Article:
Technical and Vocational Education and Training
Technical and vocational education and training (TVET) is a challenge in all African countries.
In most countries the enrolment rate in formal TVET at secondary level is 5 percent or less.
Non-formal TVET is predominant and often highly fragmented. Learning opportunities at the workplace, non-formal learning, private provision, and initiatives under various non-education sector ministries all tend to operate in a non-coherent way.
Governments and international institutions are paying increasing attention to TVET (it is one of eight priority areas in the African Union's Second Decade of Education (2006-2015).
But despite an increase in the number of African students in TVET, only a few governments in Africa are able to finance TVET at a level that can support quality training.
The demand is enormous. Three out of five unemployed in sub-Saharan Africa are young people, mostly surviving in the informal economy.
UNESCO Dakar works to keep TVET high on the political agenda of African governments, regional economic communities, and financial partners. TVET is being promoted to facilitate the recognition of skills and qualifications gained in the non-formal sector and ensure mobility between countries in the sub-region. A series of videos produced by UNESCO Dakar showcases successful examples of youth training in Benin, Nigeria, and Senegal. The videos are featured on this page. In Mali, technical and vocational education and training is being offered to youth in the conflict-affected regions of Mopti, Timbuktu, Gao, and Kidal. UNESCO Dakar has also been instrumental in developing a common format for TVET curricula and learning materials for West African countries.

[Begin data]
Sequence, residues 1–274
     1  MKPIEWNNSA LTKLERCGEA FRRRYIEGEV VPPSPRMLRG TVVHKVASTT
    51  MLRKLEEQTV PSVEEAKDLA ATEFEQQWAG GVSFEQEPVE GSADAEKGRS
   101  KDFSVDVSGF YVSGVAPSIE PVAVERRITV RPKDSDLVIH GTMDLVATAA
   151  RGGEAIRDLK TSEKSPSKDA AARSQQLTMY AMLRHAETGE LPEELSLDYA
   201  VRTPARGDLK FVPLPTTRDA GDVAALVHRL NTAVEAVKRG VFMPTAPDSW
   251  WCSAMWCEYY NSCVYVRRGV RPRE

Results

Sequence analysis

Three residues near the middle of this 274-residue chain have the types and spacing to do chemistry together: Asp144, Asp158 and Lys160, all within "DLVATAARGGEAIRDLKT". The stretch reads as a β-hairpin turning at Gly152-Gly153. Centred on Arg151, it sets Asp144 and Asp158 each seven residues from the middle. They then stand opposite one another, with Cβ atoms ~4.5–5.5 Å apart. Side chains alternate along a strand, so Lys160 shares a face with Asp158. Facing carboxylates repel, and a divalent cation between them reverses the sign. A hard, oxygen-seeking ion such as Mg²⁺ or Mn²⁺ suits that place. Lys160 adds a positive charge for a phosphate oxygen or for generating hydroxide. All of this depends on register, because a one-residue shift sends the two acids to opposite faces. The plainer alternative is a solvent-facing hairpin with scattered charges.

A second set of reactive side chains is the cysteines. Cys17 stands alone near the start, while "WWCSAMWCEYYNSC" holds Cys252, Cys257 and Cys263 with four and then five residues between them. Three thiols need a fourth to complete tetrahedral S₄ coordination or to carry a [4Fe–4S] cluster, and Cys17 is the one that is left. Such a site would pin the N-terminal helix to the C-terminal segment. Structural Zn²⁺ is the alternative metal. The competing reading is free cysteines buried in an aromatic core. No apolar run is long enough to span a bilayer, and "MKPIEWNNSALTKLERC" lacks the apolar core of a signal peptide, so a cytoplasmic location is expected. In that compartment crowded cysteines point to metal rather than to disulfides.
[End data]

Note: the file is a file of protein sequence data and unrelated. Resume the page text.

In 2010, a working group (better known by the acronym of IATT for 'Inter Agency Task Team') was set up to strengthen the coherence of action and provide more support to countries in developing skills for youth employment. It comprises several UN agencies and institutions (UNESCO, UNDP, ILO, UNEVOC, etc.) and other partners such as ECOWAS and the Association for Development of Education in Africa (ADEA).
- Developing certification frameworks (national and regional) to enhance TVET in terms of recognition and harmonization of diplomas. This will also improve the necessary linkage with the labor market and skills mobility within and between countries.
- Testing innovative approaches. UNESCO Dakar supports for example the reform of TVET policy in Senegal. One experiment is Mobile Training Units (comprising trucks, tents, trainers, materials etc.) to provide short courses in disadvantaged areas. Initial results in Northern Senegal are encouraging and have generated much interest in The Gambia.
- Improving monitoring and statistics. UNESCO Dakar, together with the UNESCO Institute for Statistics, works on developing and disseminating quality statistical data and indicators to be able to identify more clearly the needs in the various sectors of TVET in African countries.